Defendant's Petition first asks for the immediate early termination of his lifetime term of supervised release. The Court recognizes that it has the statutory authority to terminate supervised release in this case given the completion of at least one year of supervised release. See 18 U.S.C. § 3583(e)(1). However, this statutory authority requires the Court to consider multiple complex factors. Some of those factors, including “protect[ing] the public from further crimes of the defendant” and “providing the defendant with needed educational or vocational treatment, . . . or other correctional treatment in the most effective manner, ” weigh in favor of terminating Burnell's supervised release. 18 U.S.C. § 3553(a)(2)(C) & (D). On the record presently before this Court, the Court readily concludes that Burnell unlikely to commit further crimes and does not need educational or vocational treatment. Even in the absence of supervised release, the Court believes Burnell would continue to seek out the treatment he requires to maintain his current status. However, in the Court's assessment, some of the other applicable factors weigh in favor of requiring Burnell to remain on supervised release; namely, “the nature and circumstances of the offense, ” “the history . . . of the defendant, ” as well as “affording adequate [general] deterrence” support requiring additional supervised release. 18 U.S.C. § 3553(a)(1) & (2)(B). Moreover, the Court notes that beyond the offenses of conviction, the misdemeanor offense committed by Burnell early in his term of supervised release weigh in favor of an additional period of supervised release. Notably, it is the nature of his offenses, combined with the one incident of noncompliance, that makes Burnell currently ineligible for a recommendation of early termination under Guide to Judiciary Policy, Vol. 8, Part E, § 380.10.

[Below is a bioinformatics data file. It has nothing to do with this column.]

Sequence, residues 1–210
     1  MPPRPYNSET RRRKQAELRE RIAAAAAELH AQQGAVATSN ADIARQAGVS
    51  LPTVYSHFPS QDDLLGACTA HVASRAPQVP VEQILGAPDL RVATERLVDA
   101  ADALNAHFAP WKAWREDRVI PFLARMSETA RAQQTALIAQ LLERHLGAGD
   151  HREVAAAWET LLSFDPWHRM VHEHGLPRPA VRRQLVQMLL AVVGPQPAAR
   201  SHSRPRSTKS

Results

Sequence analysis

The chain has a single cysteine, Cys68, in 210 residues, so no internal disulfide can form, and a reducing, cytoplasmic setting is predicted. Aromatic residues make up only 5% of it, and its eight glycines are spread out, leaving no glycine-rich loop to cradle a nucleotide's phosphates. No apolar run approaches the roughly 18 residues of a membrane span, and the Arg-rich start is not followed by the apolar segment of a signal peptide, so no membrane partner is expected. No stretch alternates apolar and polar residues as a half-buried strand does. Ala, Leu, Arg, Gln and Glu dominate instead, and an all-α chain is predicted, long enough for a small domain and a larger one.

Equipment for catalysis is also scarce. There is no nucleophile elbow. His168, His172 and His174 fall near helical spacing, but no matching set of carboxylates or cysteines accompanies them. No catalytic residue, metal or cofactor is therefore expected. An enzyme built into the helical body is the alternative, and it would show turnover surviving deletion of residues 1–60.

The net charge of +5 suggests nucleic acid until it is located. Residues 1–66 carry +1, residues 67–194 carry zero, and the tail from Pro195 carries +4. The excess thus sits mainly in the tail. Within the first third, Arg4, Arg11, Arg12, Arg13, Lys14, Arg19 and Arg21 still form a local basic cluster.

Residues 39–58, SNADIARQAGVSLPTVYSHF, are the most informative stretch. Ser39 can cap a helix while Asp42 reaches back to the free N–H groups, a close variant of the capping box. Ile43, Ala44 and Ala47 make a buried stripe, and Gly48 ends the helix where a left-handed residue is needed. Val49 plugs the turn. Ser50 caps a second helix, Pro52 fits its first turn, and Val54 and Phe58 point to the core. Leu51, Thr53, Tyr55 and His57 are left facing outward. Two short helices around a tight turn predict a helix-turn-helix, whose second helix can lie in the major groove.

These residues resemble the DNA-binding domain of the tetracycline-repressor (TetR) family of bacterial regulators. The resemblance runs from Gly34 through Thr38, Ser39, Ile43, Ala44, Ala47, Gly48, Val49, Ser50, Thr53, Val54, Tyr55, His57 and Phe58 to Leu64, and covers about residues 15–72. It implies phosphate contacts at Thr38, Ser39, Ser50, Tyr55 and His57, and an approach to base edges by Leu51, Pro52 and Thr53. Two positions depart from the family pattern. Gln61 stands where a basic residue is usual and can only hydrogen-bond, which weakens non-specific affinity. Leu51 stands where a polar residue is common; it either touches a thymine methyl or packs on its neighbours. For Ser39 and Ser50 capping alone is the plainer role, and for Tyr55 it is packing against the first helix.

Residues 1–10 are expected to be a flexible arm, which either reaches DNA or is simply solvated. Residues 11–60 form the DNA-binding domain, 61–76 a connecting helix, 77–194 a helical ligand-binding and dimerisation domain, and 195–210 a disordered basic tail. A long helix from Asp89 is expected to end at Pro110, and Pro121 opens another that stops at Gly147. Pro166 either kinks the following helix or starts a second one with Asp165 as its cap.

In short, while the Court acknowledges that Burnell has made exceptional progress since commencing his term of supervised release, the Court concludes that further evidence that Burnell is able to maintain this progress over a longer period of time is necessary to support early termination. Therefore, the Court denies the request to terminate Burnell's supervised release immediately.

         Alternatively, Burnell's Petition asks the Court to modify his term of supervised release from life to ten years, which would result in termination of his supervised release in October 2022 absent any revocation. The Court concludes that there is no statutory authority for granting this request and, alternatively, in an exercise of ...